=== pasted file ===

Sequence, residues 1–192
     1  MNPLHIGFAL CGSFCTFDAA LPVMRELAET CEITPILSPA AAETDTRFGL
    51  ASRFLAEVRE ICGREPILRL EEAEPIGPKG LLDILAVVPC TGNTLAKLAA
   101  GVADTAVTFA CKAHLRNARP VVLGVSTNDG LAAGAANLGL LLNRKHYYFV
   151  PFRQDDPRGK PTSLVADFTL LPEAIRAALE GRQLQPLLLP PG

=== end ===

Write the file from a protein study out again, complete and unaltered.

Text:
Sequence, residues 1–192
     1  MNPLHIGFAL CGSFCTFDAA LPVMRELAET CEITPILSPA AAETDTRFGL
    51  ASRFLAEVRE ICGREPILRL EEAEPIGPKG LLDILAVVPC TGNTLAKLAA
   101  GVADTAVTFA CKAHLRNARP VVLGVSTNDG LAAGAANLGL LLNRKHYYFV
   151  PFRQDDPRGK PTSLVADFTL LPEAIRAALE GRQLQPLLLP PG